U.S. President Donald Trump told Mexico's president-elect in a letter that a quick renegotiation of the North American Free Trade Agreement (NAFTA) would bring more jobs for both countries, but warned of a very different route otherwise.
In a letter replying to Andres Manuel Lopez Obrador, who won Mexico's presidential election on July 1, Trump said he was looking forward to working closely together to build a great relationship, mentioning trade, security and migration.
"A strong relationship will lead to a much stronger and more prosperous Mexico, which frankly would make me very happy!" Trump wrote in the letter.
The missive was the latest step in a thawing between the two countries since Lopez Obrador's landslide victory, after a tense 18 months between Trump with outgoing President Enrique Pena Nieto.
Known as "AMLO", the president-elect wrote Trump a seven-page letter earlier this month, signing off that both men had managed to "displace the establishment."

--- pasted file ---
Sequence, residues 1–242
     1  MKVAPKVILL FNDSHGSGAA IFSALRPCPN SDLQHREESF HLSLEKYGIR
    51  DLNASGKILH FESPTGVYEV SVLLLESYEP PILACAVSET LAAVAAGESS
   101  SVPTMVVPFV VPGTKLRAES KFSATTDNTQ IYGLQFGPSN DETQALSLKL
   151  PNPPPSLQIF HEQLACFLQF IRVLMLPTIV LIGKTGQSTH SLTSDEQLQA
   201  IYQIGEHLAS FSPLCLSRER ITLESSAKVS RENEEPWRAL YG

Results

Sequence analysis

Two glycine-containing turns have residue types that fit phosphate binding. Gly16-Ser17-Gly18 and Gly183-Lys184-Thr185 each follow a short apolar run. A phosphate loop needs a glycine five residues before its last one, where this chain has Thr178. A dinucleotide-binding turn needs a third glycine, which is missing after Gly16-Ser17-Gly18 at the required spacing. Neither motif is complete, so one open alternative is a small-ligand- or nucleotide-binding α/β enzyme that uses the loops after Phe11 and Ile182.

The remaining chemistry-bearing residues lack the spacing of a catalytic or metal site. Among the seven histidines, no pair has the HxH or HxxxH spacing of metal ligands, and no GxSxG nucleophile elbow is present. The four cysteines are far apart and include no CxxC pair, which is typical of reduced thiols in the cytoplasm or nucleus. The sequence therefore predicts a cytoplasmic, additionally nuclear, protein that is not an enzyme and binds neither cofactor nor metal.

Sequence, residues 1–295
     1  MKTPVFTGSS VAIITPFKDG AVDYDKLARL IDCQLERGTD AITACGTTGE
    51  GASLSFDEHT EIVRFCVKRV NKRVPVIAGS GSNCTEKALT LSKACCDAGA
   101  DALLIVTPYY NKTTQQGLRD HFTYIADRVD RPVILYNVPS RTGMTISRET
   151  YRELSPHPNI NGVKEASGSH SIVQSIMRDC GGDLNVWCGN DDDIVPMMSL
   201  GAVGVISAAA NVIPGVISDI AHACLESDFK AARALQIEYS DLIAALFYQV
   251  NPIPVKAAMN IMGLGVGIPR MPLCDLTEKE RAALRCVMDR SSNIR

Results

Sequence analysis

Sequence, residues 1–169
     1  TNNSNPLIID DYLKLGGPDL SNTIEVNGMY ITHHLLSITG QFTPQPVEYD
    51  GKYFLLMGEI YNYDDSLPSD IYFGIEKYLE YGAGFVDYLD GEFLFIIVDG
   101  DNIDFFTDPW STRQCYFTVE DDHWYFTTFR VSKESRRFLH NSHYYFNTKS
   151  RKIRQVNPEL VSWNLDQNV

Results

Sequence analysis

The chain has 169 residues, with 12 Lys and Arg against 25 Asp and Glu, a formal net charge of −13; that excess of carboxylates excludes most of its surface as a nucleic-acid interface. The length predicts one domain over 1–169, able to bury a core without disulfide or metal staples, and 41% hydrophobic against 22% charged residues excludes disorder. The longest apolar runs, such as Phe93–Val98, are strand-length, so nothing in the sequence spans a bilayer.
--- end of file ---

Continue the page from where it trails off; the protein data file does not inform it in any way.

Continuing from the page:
They have spoken by phone and Trump sent a senior delegation to Mexico, led by Secretary of State Mike Pompeo, shortly after Lopez Obrador's win.
Mexico and Canada have clashed with the United States over an update of the trilateral trade accord since Trump's team demanded tougher regional content rules for the auto industry and proposed a clause that would kill the agreement if it was not renegotiated after five years.
After weeks with little movement, Mexican trade negotiators travel to Washington this week to revive the talks. On Monday, Trump said he expected to get something worked out on NAFTA.
In the letter published Tuesday, Trump said he thought a NAFTA deal would lead to more jobs and higher wages on both sides of the border, "but only if it can go quickly, because otherwise I must go a much different route," he wrote.
Negotiations to reshape the 1994 pact were launched last August at the behest of Trump, who blames NAFTA for the U.S. trade deficit with Mexico and argues the deal has cost jobs at home.
Trump also said in the letter that he was prepared to address economic development and security issues that drive migration to the United States.